By Michael Nadin - 29th July 2022 The Working Time Regulations 1998 (WTR 1998) confirm…
PLEASE NOTE: Information in this article is correct at the time of publication, please contact DFA Law for current advice on older articles.
Arbitration and mediation are often promoted as being quicker, less costly methods to resolve disputes than litigation, but they should be used with care, as a recent case shows.
It involved a couple who divorced. Both had children by earlier marriages and they agreed when they split up to settle the financial arrangements between them by arbitration.
The arbitrator considered the evidence provided and made his award in 2015. The decision provided for a roughly equal division of their assets and a 60:40 division of the sale proceeds of the husband’s business.
Until the business was sold, the arbitrator ruled that the wife should receive periodical payments.
The wife refused to accept the ruling and its conversion into a ‘financial remedy order’ by the court, because a house that was to be retained by her when the assets were divided was valued on the basis that she would be able to obtain retrospective planning permission for building works that had been carried out on it. This had subsequently been refused.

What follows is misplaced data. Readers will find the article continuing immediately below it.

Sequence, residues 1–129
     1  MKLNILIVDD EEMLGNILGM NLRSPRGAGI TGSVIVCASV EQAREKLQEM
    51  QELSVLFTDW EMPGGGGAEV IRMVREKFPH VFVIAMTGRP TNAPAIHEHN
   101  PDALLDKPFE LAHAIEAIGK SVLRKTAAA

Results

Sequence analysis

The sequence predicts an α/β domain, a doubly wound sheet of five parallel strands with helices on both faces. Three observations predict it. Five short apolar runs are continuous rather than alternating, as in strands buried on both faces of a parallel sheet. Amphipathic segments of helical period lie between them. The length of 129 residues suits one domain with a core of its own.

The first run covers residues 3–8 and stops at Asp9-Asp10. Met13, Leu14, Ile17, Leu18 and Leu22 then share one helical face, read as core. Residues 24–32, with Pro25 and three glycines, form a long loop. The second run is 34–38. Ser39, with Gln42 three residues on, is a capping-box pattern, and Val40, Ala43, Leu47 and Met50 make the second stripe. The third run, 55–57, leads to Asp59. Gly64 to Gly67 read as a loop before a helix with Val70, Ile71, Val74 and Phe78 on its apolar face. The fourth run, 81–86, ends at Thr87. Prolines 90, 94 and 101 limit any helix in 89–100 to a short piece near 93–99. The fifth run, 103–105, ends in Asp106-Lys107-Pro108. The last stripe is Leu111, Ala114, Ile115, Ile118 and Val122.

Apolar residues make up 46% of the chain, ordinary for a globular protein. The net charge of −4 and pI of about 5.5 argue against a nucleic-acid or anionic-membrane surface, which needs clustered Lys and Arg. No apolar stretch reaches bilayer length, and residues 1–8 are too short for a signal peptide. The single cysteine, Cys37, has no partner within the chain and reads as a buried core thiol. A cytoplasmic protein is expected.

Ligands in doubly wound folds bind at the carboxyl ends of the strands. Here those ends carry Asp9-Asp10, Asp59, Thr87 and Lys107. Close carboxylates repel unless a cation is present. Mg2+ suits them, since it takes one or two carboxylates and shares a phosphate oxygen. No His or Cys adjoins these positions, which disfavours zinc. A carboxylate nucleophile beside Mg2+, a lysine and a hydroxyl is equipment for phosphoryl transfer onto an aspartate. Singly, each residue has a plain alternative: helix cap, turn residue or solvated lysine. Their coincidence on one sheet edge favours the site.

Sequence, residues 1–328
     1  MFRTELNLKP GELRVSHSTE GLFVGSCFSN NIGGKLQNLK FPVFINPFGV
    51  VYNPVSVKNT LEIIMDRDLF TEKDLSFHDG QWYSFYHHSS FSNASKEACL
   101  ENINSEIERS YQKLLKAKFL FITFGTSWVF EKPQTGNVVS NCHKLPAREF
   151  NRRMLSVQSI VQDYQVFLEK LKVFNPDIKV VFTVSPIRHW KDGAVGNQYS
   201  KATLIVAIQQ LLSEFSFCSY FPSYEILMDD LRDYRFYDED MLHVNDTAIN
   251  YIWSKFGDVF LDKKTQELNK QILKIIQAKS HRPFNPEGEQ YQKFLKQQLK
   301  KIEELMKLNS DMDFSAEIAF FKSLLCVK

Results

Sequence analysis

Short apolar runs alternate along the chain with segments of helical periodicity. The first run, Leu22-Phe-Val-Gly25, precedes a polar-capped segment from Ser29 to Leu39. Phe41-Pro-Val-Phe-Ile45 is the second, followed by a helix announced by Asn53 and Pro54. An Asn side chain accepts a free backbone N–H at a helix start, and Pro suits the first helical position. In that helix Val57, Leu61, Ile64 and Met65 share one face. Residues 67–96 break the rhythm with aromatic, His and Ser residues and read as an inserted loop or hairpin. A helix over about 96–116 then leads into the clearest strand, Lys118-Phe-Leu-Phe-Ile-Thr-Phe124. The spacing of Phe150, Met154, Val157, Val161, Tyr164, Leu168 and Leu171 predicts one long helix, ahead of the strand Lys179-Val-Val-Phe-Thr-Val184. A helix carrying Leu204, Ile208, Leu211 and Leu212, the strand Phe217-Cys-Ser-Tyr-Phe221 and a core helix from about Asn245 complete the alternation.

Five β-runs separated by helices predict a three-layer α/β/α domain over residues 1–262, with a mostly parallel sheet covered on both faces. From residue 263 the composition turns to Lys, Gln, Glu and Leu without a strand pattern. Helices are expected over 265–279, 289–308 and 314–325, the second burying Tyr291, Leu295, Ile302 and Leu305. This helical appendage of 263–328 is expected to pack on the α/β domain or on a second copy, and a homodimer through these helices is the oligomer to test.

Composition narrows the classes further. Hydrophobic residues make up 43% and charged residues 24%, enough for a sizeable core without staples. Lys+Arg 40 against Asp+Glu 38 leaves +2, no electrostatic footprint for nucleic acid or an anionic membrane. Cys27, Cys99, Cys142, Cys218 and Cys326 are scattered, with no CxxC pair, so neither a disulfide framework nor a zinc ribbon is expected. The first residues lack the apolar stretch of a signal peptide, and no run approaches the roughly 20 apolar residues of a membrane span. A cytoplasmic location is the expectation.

The net effect of this, she argued, was that the value of the property was some £220,000 less than the value put on it for the purposes of the arbitration and, accordingly, she should receive another £110,000.
Arbitration proceedings are difficult to overturn unless there has been a clear error, fraud on the part of one party or a ‘supervening event’ that was not predictable when the arbitration was carried out.
When considering her claim, the court asked whether any of these had occurred. It was clear that there was no fraud and that the refusal of planning permission, whilst not expected, was at least possible. The arbitrator had made no mistake on the facts presented to him.
The claim was therefore refused.
Says Alan Kiddle, in this instance, the couple might well have been better advised to take their time before reaching a settlement, so that the residual uncertainty of the planning permission issue could be eliminated.”
For advice on how best to negotiate a fair financial settlement on the break-up of any relationship, contact us.